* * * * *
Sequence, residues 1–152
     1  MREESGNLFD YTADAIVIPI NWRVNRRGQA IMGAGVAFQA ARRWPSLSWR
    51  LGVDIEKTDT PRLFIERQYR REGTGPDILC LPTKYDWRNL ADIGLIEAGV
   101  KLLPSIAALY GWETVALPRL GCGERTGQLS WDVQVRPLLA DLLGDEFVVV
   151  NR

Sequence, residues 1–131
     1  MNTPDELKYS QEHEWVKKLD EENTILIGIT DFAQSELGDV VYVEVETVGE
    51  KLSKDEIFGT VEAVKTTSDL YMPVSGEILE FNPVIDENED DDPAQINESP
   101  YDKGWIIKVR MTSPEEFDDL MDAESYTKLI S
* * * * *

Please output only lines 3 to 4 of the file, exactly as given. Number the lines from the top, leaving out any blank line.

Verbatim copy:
    51  LGVDIEKTDT PRLFIERQYR REGTGPDILC LPTKYDWRNL ADIGLIEAGV
   101  KLLPSIAALY GWETVALPRL GCGERTGQLS WDVQVRPLLA DLLGDEFVVV